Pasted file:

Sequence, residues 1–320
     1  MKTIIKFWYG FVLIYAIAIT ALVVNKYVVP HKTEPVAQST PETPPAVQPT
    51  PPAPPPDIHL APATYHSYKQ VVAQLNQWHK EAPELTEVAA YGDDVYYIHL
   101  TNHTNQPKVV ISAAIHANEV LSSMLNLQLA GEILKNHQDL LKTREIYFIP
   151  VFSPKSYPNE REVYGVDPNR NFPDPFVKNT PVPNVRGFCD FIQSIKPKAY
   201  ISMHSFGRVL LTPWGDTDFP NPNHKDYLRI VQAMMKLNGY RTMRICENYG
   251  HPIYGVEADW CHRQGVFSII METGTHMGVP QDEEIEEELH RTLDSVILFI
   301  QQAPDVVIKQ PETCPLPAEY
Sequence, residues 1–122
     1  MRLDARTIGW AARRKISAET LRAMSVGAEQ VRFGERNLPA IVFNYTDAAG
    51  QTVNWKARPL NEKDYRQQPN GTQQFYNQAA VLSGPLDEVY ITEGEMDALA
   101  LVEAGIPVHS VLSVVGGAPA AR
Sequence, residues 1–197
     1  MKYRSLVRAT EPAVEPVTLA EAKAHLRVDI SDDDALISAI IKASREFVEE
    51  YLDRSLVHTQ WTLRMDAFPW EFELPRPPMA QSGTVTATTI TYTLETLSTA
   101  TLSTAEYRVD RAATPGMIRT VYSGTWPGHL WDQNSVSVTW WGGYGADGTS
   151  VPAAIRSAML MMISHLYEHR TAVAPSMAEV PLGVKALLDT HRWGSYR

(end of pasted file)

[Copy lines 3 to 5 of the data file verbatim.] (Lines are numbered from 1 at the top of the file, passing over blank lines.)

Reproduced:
    51  PPAPPPDIHL APATYHSYKQ VVAQLNQWHK EAPELTEVAA YGDDVYYIHL
   101  TNHTNQPKVV ISAAIHANEV LSSMLNLQLA GEILKNHQDL LKTREIYFIP
   151  VFSPKSYPNE REVYGVDPNR NFPDPFVKNT PVPNVRGFCD FIQSIKPKAY